I’m sure you’ve seen a good deal of information about how the medical community is calling on crafters to sew face masks. I know that different states and hospitals and doctor’s offices have different views and requirements on this. And there’s lots of advice on what materials and patterns to use. Feel free to do your own research so you know what medical professionals are asking for in your area. I’m not here to start a debate on this, so please refrain from those types of comments.
I just want to pass along some resources in case you want to make some. Many of the health care professionals are using these over their special N95 masks, not in place of them so those special ones last longer. Or they are using these so they can reserve the N95 ones for those who need them most. I think they are all at the point of “something’s better than nothing.” So I’m making some. Please also note that this is NOT medical advice.
The masks likely will not prevent someone from getting Covid-19. BUT — if they already have it in their system and are not yet showing symptoms, this will prevent them from spreading it further. I’m beginning to see some reports suggesting we all wear them anytime we are out for this very reason.
UPDATE 4/2/2020: It appears the CDC is expected to announce very soon the recommendation that ALL people wear masks in pubic.
Tutorials I’ve found
- I made some last weekend after receiving an email from Joanns (find the video and info here). They are surgical style masks with pleats. I feel like the video makes it harder than necessary for both cutting and pleats, although they do link other videos. You don’t need a pattern — just cut a rectangle of fabric. The elastic for the ties is in short supply right now but see if you have some already at home. I’m also hearing that using ties instead of elastic and a bendable wire piece for fitting around the nose makes it more usable.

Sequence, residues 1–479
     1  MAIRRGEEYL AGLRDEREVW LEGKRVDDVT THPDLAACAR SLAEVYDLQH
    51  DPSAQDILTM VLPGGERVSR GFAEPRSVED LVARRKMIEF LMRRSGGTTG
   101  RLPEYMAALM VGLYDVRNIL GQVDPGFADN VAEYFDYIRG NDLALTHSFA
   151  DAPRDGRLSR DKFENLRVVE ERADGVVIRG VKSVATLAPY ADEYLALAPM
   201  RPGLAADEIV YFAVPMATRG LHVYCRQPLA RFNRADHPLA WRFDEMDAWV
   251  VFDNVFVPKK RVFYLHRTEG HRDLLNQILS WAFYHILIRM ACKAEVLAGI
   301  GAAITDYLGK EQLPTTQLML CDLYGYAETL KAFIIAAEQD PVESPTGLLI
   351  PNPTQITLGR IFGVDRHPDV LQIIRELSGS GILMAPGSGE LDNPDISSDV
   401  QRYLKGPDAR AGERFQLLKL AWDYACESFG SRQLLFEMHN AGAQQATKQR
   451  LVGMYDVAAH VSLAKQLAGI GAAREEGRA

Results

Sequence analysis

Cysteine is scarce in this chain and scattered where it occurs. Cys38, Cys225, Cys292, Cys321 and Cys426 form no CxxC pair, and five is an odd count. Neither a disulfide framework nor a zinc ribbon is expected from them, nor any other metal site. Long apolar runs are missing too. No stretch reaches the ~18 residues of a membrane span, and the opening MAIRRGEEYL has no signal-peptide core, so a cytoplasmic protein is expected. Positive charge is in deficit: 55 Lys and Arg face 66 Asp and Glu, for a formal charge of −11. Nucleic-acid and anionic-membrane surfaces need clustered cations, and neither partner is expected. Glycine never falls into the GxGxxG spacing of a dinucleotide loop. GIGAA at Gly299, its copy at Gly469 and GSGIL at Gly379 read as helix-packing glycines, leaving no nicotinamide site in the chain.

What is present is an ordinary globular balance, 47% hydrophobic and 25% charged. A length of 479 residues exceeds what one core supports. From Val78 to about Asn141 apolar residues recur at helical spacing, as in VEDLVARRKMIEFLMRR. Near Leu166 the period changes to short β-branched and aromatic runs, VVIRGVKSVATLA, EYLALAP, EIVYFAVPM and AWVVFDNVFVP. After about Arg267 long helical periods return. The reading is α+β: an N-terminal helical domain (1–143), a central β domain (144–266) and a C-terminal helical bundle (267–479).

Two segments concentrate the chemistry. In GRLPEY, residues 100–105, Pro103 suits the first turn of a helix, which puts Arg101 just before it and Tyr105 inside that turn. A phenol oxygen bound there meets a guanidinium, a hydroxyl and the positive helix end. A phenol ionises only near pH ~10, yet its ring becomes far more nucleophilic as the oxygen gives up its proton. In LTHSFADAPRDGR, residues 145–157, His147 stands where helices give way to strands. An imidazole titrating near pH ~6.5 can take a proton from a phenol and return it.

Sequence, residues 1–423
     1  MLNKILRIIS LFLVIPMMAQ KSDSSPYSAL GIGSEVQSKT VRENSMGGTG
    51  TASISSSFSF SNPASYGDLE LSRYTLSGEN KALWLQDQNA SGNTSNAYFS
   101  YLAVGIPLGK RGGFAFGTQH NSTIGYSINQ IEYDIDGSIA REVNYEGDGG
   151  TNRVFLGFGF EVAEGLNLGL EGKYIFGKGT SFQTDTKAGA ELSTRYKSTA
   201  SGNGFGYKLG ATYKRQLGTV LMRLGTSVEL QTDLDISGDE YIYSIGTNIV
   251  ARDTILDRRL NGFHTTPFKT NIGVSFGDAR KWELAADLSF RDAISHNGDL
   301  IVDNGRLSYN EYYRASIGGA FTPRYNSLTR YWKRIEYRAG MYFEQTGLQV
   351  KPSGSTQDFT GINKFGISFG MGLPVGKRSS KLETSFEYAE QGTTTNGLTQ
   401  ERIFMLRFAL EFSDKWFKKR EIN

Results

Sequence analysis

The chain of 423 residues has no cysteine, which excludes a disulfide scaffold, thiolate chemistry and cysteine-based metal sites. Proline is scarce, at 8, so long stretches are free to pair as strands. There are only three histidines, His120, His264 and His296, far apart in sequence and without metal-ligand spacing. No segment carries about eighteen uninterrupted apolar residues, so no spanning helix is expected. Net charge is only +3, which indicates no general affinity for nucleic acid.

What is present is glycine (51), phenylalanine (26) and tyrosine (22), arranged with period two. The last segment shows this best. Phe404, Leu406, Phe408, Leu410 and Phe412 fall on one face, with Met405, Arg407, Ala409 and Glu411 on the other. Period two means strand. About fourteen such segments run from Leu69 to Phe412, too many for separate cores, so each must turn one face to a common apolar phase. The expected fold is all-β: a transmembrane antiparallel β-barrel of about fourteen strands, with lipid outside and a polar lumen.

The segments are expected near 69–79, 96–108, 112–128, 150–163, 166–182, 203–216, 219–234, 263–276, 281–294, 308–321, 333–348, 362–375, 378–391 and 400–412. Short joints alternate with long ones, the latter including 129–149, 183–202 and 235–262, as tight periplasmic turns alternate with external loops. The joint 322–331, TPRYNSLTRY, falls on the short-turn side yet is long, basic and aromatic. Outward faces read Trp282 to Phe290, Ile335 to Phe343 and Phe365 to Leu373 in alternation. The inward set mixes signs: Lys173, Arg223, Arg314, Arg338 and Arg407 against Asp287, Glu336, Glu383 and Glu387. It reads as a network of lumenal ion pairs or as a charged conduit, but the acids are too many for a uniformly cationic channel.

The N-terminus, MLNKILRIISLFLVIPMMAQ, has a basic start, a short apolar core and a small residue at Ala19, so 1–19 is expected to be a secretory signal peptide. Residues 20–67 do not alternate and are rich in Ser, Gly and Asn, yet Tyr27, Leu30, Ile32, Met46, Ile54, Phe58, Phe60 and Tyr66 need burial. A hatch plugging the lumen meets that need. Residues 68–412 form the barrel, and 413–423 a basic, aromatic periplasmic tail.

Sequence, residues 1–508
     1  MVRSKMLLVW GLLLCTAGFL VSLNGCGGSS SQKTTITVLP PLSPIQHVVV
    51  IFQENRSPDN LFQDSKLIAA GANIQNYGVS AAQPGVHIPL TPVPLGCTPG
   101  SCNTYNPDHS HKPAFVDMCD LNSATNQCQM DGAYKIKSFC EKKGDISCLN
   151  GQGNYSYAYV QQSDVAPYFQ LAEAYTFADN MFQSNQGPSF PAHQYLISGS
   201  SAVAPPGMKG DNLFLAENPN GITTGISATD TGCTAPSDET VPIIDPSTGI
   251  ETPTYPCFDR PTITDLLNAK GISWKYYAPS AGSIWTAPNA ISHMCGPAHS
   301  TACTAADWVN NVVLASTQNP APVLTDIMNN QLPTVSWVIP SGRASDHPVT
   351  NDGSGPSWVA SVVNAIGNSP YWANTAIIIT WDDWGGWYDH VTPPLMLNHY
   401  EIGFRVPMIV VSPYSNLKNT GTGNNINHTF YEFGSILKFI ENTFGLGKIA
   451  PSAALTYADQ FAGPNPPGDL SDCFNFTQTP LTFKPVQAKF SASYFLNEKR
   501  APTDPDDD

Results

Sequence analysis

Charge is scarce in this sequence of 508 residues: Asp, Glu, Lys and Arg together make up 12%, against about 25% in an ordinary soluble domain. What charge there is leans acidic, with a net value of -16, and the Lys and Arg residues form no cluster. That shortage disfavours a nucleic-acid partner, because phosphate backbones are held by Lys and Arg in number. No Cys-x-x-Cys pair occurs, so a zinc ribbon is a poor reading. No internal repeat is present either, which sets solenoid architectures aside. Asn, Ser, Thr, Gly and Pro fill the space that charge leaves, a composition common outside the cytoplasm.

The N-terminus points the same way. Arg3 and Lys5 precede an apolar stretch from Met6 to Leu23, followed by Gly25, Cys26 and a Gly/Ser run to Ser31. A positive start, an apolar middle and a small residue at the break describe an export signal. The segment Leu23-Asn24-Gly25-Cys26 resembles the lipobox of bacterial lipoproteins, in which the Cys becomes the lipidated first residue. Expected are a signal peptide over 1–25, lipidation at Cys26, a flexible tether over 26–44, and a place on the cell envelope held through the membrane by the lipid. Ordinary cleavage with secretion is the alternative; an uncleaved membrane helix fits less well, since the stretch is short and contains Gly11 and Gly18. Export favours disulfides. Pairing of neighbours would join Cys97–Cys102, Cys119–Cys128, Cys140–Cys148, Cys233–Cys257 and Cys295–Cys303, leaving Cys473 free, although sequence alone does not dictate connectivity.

- Here’s a video for an easier method for surgical style masks that includes ties and wire.
- This one is good also for that surgical style. It’s written directions only but pretty easy to follow. I would definitely add wire for the nose, as well as a filter pocket.
- This one covers more of the face and does not use pleats. That’s called an Olson style. It includes the ties and wire nose piece and shows you how to include a pocket for a replaceable filter. She does include a pattern with multiple sizes in SVG, DXF and PDF formats. What I don’t like is that you have to fill out a form (aka, give her your email address) to get it. The instructions are very clear with lots of pictures, and she has a video. I’m hearing from some people that the seam right down the middle is not great as is the fact that that means the sewing machine needle punctured there repeatedly.
- Here again is the Olson style with Silhouette Studio and SVG files. It includes the nose wire and an option to add the pocket for a filter. There’s also a different way to use elastic so that it goes around the head instead of the ears.
I am sticking with the pleated masks for now, making them 3-4 layers thick with an opening to insert a filter.
Do you have to use your Silhouette to cut them?
If you’re using the Olson style, then you can use your machine to cut the pattern. That’s pretty easy with cardstock, copy paper or vellum. The surgical style is just a rectangle so for me it was easier to just mark it or use my paper trimmer to make the right size.
As far as cutting the fabric — that’s completely up to you. I’d say if you’ve cut fabric before without a problem, go for it. But it’s not at all necessary for the patterns that are just a rectangle — I think that takes more time than it’s worth. If you haven’t cut fabric before and are used to cutting fabric for clothing, go with cutting by hand.
There are 2 ways to cut fabric with a Silhouette.